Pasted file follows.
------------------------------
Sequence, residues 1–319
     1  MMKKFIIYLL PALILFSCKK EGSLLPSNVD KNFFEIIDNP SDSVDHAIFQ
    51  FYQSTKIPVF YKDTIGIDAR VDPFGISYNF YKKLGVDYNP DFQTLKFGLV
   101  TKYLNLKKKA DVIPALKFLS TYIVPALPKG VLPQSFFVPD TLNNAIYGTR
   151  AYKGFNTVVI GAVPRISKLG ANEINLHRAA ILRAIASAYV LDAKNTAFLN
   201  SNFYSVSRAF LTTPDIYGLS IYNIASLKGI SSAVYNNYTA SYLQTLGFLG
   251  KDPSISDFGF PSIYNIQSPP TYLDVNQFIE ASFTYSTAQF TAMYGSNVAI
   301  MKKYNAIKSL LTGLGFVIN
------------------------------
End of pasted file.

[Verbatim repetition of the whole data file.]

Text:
Sequence, residues 1–319
     1  MMKKFIIYLL PALILFSCKK EGSLLPSNVD KNFFEIIDNP SDSVDHAIFQ
    51  FYQSTKIPVF YKDTIGIDAR VDPFGISYNF YKKLGVDYNP DFQTLKFGLV
   101  TKYLNLKKKA DVIPALKFLS TYIVPALPKG VLPQSFFVPD TLNNAIYGTR
   151  AYKGFNTVVI GAVPRISKLG ANEINLHRAA ILRAIASAYV LDAKNTAFLN
   201  SNFYSVSRAF LTTPDIYGLS IYNIASLKGI SSAVYNNYTA SYLQTLGFLG
   251  KDPSISDFGF PSIYNIQSPP TYLDVNQFIE ASFTYSTAQF TAMYGSNVAI
   301  MKKYNAIKSL LTGLGFVIN